Car hacking is a scaring reality, modern vehicles use a huge quantity of connected components that could be easily compromised knowing the communication protocol used by principal vendors.
The interest in car hacking gained a high profile last summer when the popular hackers Miller and Valasek hackers remotely hacked a Jeep Cherokee SUV on a St. Louis highway on behalf of the Wired magazine. The hackers exploited security vulnerabilities in the wireless vehicle systems that automakers hope eventually will allow vehicles to communicate with each other.
The car vendor recalled 1.4 million vehicles for a software upgrade after the security duo disclosed the results of their experiment.
Two state senators in Michigan, Mike Kowall (R-White Lake) and Ken Horn (R-Frankenmuth), have proposed a law framework (SENATE BILL No. 927, SENATE BILL No. 928) that addresses car hacking with laws that promise life imprisonment for hackers.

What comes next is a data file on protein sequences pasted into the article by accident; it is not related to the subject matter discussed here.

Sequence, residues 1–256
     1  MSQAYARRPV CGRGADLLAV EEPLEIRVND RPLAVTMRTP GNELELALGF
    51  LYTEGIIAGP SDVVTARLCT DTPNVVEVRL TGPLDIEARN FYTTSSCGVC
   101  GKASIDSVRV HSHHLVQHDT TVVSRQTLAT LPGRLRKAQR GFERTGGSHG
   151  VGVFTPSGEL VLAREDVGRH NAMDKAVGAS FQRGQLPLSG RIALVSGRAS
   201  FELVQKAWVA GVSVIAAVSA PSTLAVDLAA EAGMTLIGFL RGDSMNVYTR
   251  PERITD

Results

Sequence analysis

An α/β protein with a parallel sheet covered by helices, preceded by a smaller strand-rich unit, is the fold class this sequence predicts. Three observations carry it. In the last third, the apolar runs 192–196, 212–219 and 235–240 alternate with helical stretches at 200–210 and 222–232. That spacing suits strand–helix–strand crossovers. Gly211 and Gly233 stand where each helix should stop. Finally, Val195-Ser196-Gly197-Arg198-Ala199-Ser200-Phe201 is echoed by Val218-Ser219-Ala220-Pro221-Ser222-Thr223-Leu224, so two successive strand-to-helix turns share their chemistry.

The two draft bills state that anyone who repeatedly attempts to “intentionally access or cause access to be made to an electronic system of a motor vehicle to willfully destroy, damage, impair, alter or gain unauthorized control of the motor vehicle,” is committing a crime and risks the jail.
“I hope that we never have to use it,” said Kowall. “That’s why the penalties are what they are. The potential for severe injury and death are pretty high.”
Charlie Miller expressed his doubts about the new law and highlighted the problems it would cause to the security community.
The law forbids any manipulation of car firmware, even by the car owners.
There is no doubt about the necessity to carefully address cyber security issues in the automotive industry, but let me hope that in the future the experts from the cyber security industry will work together to approach the technical aspects of a law framework that will cover the car hacking.
(Security Affairs – car hacking, connected cars)
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